U.S. Supreme Court Subjects Certain Employment Termination Payments to FICA (Federal Insurance Contributions Act) Tax
Hopes that certain severance payments paid by companies to terminated employees could escape application of the Federal Insurance Contributions Act (FICA) tax were dashed when a unanimous U.S. Supreme Court ruled on March 25th that such payments, when not tied to state unemployment benefits, were “wages,” and thus taxable. The ruling for the government will allow the IRS to disallow protective refund claims that numerous companies filed after a federal circuit court held that termination payments were not subject to FICA tax.
Dispute over the Nature of the Payments
Quality Stores, Inc. filed Chapter 11 bankruptcy, and in the process made severance payments to over 3,000 employees who were involuntarily laid off. The company initially treated the termination payments as wages and withheld applicable FICA taxes. But later, the company decided that the payments should not have been subject to FICA and so requested a refund on behalf of its employees for the FICA taxes withheld and on its own behalf for associated employer contributions. Quality Stores obtained summary judgment on the issue from the Bankruptcy Court, which held that the severance payments were not wages under FICA. The federal district court and the Sixth Circuit agreed with that conclusion.1
The fight over the applicability of FICA (26 U.S.C. §3101 et seq.) to the severance payments centers on the fact that the termination plan adopted by Quality Stores did not require that the payments be tied to the receipt of state unemployment insurance, instead basing the amount of the severance package given to each employee on several factors, such as job seniority, and time served with the company. The company took the position that its supplemental unemployment compensation benefits (SUBs) were not wages for income tax withholding purposes, and likewise did not count as wages for FICA. Congress had added SUBs to the income tax withholding regime in Code section 3402(o) to avoid taxpayers having large unpaid tax bills when their returns were filed. The subsection heading said the withholding requirement was for “certain payments other than wages.” Thus, Quality Stores said that if SUBs did not fall squarely within the income tax definition of withholdable wages, as arguably indicated by the clarifying enactment of section 3402(o), they should not be considered wages for FICA either.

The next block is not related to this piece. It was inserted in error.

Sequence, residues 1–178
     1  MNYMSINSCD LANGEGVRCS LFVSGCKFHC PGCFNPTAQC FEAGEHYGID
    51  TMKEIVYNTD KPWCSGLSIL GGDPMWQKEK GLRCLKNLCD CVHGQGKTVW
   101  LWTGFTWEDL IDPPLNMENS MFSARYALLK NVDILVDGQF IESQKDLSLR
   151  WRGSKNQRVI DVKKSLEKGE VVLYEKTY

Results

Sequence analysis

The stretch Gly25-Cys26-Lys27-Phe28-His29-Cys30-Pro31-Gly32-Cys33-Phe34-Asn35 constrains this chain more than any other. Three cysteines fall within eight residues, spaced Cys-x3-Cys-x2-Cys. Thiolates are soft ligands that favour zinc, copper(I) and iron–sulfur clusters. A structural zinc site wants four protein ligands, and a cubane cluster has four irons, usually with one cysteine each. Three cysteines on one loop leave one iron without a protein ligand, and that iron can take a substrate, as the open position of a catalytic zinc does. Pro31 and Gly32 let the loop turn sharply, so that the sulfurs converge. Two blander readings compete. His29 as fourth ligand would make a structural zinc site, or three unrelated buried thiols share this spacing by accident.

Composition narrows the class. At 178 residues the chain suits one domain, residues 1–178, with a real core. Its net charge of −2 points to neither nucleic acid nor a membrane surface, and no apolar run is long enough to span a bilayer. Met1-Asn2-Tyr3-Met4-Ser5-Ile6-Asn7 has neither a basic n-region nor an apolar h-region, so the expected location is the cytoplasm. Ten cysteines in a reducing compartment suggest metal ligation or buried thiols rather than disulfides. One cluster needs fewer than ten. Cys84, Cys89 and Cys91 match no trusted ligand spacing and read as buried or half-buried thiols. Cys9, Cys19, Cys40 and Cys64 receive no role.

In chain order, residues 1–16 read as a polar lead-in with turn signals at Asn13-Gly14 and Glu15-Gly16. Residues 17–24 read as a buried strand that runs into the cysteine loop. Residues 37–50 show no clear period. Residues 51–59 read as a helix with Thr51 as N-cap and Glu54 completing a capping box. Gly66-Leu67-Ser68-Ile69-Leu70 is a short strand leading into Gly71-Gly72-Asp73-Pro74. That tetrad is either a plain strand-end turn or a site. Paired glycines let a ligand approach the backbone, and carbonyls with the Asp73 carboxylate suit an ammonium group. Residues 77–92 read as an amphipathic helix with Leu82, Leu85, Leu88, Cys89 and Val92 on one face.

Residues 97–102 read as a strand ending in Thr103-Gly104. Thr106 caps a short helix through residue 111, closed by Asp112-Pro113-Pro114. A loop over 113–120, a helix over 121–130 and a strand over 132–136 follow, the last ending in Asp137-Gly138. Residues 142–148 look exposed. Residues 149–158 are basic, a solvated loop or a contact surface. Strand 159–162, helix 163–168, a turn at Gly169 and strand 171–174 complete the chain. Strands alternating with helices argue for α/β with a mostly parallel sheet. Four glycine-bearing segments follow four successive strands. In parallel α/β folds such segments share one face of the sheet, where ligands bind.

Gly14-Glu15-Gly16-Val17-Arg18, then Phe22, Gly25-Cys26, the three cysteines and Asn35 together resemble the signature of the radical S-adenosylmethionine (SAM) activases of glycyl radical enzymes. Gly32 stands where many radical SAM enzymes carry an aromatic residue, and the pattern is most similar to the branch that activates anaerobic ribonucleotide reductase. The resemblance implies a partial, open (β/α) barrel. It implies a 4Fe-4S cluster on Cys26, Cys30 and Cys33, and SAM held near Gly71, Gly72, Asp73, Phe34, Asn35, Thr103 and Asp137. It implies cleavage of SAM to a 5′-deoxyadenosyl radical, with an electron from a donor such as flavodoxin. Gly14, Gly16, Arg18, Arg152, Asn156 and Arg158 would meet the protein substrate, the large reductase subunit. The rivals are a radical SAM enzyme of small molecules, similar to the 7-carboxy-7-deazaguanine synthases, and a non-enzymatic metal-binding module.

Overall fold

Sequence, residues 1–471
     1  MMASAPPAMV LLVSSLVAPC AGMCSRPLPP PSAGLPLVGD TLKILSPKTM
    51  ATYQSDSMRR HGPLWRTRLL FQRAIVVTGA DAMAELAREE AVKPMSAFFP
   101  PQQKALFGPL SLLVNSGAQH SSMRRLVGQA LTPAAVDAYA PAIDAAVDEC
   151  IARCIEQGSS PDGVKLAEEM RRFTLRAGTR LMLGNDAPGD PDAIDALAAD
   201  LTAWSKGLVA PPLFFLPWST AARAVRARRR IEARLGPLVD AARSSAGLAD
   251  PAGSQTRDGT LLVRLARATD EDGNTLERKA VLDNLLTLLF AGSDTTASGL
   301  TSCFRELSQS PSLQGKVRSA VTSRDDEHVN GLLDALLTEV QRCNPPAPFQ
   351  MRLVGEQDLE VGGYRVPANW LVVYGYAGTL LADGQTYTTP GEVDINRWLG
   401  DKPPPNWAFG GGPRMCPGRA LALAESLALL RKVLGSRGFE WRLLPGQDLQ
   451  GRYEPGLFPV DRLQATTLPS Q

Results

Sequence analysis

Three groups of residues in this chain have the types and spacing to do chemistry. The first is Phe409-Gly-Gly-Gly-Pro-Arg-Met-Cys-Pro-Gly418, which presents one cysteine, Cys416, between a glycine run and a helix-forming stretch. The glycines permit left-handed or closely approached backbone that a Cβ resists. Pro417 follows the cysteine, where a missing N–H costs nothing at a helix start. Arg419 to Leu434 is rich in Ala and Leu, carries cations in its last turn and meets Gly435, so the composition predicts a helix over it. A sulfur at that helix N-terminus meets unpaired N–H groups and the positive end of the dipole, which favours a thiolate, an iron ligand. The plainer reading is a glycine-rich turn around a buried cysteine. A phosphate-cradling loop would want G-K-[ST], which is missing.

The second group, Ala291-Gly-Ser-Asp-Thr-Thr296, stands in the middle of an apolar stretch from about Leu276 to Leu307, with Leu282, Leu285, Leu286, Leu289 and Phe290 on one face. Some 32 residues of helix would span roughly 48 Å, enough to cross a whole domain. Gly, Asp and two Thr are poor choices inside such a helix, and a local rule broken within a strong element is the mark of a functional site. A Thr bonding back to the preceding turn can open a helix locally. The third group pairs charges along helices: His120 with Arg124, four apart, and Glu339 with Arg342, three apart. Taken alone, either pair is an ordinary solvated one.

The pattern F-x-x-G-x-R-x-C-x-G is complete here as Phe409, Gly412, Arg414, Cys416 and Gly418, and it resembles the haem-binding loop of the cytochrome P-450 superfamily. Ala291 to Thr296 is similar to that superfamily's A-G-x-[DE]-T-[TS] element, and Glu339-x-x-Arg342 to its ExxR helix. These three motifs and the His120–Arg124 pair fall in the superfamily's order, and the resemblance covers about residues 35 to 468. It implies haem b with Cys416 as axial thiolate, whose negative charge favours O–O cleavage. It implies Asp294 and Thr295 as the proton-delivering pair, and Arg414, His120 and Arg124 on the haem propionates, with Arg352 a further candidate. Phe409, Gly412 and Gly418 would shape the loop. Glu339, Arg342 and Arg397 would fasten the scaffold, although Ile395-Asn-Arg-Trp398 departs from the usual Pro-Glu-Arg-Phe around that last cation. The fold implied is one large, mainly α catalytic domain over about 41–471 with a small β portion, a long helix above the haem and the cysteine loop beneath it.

Circuits Split on Wage Characterization
On appeal by the government, the Sixth Circuit held in the underlying Quality Stores litigation that the FICA statute was ambiguous on the inclusion of SUB payments.2 The court turned to legislative history to determine whether Congress intended for SUB pay to be wages for purposes of federal income tax withholding, and determined that those payments do not qualify as wages under FICA.
Other circuits, however, have come to the opposite conclusion. For example, in CSX Corp. v. United States,3 the Federal Circuit agreed with the government that SUBs paid as part of a workforce reduction were wages for purposes of FICA.